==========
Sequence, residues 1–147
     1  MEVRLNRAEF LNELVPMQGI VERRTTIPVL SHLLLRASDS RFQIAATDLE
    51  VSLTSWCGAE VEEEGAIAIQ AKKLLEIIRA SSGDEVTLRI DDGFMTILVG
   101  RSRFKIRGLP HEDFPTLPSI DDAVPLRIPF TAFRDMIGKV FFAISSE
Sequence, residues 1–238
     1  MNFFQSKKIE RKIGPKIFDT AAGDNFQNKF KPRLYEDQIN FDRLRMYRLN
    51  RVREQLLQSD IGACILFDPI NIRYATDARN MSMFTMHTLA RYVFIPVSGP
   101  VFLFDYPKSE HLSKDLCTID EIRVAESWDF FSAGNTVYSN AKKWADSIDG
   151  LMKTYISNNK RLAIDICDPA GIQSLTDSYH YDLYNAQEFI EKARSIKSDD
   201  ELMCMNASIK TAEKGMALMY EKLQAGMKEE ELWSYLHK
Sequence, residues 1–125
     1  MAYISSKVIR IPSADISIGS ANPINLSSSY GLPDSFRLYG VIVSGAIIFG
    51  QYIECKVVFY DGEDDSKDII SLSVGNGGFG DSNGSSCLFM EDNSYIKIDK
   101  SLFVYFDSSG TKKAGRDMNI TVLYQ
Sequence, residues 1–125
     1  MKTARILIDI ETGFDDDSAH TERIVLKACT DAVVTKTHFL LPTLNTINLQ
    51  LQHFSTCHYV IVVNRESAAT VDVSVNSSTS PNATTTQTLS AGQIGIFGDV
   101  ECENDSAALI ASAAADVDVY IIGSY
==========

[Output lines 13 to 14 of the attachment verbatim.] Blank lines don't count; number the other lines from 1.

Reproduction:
    51  QYIECKVVFY DGEDDSKDII SLSVGNGGFG DSNGSSCLFM EDNSYIKIDK
   101  SLFVYFDSSG TKKAGRDMNI TVLYQ